Incidence and prevalence are used in expressing the frequency of a
medical condition ((typically a disease or a risk factor), and should
not be confused with each other.
Incidence is the rate of newly diagnosed cases of a disease, within a
period of time (e.g., per year). It is generally reported as a fraction
of the population affected (e.g., per 100,000 or per million
Prevalence is the total number of patients alive, either within a given
period (= period prevalence, for example yearly prevalance) or at a
particular date (point prevalence). Period prevalence is preferable to
show the real frequency of the condition, because it includes all
affected individuals (survivors and deaths) within a period, whereas
point prevalence counts only those alive on a particular date.
Thus, incidence gives the risk of having the disease, whereas
prevalence indicates how widespread the disease is. In other words,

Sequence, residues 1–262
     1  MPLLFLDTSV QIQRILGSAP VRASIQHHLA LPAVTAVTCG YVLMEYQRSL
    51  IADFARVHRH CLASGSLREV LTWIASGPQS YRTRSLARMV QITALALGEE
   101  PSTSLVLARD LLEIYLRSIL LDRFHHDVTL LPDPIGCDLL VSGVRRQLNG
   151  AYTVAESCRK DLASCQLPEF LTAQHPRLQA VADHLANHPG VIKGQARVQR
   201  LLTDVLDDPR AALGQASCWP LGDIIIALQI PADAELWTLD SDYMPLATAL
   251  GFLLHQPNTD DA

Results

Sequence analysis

incidence answers "How many people per year newly acquire this
disease?" and prevalence answers "How many people have this disease
The relationship between incidence and prevalence depends heavily on
the clinical course of the disease. In a curable infectious disease
with a short duration, the incidence may be high, but the prevalence is
low. In a disease that has a low cure, but good survival rate, then
incidence contributes to steady increase of prevalence.
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